The nursery is full of plants for your summer garden.  Spring is all about renewal and hope for a new season, so plant your garden with things you love and try something new too. I’m not sure what this summer will hold for the ‘Better Late Than Never’ garden. I do know we’ll enjoy the beauty of all that’s growing now through our busy spring season and get it planted, finally…(Better late than never!).

Happy spring planting to all of you, remember to maintain the garden as best you can, and always enjoy observing life in your garden too…

Posted by Kris Blevons

 

 

 

 

 

 

 

 

Bounce Impatiens – These Are Resistant To Downy Mildew Disease!

Bounce impatiens -photo courtesy Ball Hort

Bounce impatiens -photo courtesy Ball Hort

We knew plant breeders would be working double overtime to come up with an alternative to bedding plant impatiens that have been subject to downy mildew disease the past few years and are so happy to hear of a new impatiens series called Bounce. We’ll be offering these new plants this spring and will be trying them in our own gardens. This is the description from our local grower’s website:

Bounce impatiens - photo courtesy Ball Hort

Bounce impatiens – photo courtesy Ball Hort

“Introduced for 2015, the Bounce series of Impatiens is bred to resist Downy Mildew, have the bloom count of the classic walleriana-type impatiens (Super Elfins, Dazzlers, etc..) and perform in both shade and sun! Possibly best with some afternoon shade here in the Birmingham area. The series is named for its ability to bounce back from a wilt without dropping its blooms.”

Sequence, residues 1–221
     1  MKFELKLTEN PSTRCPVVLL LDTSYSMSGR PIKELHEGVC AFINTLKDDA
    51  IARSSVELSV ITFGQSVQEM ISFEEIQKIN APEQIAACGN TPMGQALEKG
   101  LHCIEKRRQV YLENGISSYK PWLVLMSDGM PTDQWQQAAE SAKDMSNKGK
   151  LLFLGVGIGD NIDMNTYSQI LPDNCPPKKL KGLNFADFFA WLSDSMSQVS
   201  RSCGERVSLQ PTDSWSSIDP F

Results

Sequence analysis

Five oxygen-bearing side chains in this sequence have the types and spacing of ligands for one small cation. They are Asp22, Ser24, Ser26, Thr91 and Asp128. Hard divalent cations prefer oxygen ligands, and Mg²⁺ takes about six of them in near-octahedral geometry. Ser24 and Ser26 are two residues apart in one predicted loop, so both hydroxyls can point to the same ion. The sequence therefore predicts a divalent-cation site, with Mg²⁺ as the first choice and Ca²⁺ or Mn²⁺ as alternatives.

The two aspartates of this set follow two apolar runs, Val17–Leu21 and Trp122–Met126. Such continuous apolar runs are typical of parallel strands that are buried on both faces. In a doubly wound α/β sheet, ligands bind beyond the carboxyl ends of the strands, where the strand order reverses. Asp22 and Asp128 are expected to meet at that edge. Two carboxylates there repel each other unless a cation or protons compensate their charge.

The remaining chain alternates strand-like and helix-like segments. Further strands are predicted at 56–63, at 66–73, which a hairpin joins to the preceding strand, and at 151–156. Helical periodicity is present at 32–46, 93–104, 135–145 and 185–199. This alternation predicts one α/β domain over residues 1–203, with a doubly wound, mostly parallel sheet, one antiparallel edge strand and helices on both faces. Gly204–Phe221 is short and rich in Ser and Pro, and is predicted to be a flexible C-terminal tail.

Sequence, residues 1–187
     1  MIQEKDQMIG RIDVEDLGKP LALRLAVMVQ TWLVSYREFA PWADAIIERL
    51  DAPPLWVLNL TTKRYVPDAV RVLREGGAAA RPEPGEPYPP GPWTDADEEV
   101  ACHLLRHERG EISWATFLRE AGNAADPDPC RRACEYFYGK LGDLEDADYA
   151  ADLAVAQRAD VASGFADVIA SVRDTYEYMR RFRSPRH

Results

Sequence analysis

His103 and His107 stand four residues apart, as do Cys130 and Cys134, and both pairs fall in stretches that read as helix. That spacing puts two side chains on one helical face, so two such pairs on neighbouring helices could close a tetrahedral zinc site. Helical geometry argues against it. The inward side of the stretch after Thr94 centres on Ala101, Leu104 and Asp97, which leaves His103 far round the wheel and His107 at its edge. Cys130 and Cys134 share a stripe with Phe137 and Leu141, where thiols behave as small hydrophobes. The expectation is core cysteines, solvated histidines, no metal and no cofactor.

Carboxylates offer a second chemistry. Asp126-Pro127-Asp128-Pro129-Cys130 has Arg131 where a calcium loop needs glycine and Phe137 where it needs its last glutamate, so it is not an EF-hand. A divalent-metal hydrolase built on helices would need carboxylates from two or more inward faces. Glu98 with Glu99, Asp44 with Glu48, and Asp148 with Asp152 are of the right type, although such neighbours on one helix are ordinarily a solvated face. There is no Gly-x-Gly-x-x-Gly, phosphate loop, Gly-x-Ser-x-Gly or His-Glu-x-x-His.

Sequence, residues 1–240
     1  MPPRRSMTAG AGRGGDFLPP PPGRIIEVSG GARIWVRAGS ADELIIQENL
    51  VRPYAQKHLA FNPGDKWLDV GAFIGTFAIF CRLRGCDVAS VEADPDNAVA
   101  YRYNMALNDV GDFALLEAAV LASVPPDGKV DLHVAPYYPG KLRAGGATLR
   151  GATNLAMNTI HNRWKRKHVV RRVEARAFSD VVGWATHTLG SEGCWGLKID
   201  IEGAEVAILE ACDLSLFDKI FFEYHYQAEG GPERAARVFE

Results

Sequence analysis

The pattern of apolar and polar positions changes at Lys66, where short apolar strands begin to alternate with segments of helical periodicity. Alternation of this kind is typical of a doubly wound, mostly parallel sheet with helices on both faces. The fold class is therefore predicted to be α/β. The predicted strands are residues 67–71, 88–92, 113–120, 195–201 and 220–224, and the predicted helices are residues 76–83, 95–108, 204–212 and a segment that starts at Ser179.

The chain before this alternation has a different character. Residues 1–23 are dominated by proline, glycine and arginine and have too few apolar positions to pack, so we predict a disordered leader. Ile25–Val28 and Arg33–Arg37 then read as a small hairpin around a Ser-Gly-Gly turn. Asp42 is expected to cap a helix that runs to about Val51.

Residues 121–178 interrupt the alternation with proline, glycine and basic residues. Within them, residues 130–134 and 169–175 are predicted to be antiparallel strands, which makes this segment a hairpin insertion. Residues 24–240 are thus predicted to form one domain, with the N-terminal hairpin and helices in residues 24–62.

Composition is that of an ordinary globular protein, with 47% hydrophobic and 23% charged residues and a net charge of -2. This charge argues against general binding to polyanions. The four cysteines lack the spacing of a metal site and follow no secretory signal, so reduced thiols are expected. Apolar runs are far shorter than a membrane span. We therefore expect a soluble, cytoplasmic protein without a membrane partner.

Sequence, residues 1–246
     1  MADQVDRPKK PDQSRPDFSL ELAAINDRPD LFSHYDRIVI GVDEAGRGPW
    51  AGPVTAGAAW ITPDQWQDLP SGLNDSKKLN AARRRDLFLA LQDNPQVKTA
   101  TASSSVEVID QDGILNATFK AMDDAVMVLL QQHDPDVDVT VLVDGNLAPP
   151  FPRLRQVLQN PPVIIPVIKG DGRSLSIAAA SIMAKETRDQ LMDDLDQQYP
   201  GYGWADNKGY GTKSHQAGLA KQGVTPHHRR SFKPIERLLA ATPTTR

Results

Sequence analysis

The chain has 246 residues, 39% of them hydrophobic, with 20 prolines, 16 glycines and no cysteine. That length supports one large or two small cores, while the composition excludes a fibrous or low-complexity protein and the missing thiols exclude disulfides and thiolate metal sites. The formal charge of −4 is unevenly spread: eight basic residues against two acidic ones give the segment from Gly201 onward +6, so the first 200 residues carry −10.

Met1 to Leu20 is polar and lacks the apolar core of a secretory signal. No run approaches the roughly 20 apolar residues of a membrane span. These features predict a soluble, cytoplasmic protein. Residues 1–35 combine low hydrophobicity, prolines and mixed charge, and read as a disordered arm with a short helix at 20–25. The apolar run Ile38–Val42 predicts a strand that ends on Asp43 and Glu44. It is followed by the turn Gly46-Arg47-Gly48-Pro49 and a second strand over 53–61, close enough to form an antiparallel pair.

Bounce impatiens - photo courtesy Ball Hort

Bounce impatiens – photo courtesy Ball Hort

This is such good news!  A recent conversation with this local wholesale grower revealed that, while the color range isn’t extensive (yet), it does offer white and varying shades of pink as well as a lavender. They can easily be planted 15″ apart in a garden bed and will fill in beautifully as shown in the picture above. 

Bounce impatiens - photo courtesy Ball Hort

Bounce impatiens – photo courtesy Ball Hort

In addition to the Bounce series of impatiens,  Sunpatiens are also a good choice for disease resistance.

You will still see the downy mildew prone Dazzler, Super Elfin and other impatiens for sale around town. We will order them for you, at your request,  but will sell them with the warning that they are susceptible to downy mildew disease.

 

Haven’t Been In Lately? Here’s What We’ve Been Up To…

Red tulips, a pretty pink hydrangea, a rex begonia and greenery...

Red tulips, a pretty pink hydrangea, a rex begonia and greenery…

Cyclamen, Callas and Daffodils are a cheery mix...

Cyclamen, Callas and Daffodils are a cheery mix…

This arrangement was to celebrate the birth of a baby girl...

This arrangement was to celebrate the birth of a baby girl…

February is full of bright colors...primroses, hyacinths and tête á tête narcissus...

February is full of bright colors…primroses, hyacinths and tête á tête narcissus…

A pretty arrangement for Valentine's Day. This would be pretty for any occasion this time of year though...this one showcases a calla and a beautiful pink hydrangea...

A pretty arrangement for Valentine’s Day. This would be pretty for any occasion this time of year though…this one showcases a calla and a beautiful pink hydrangea…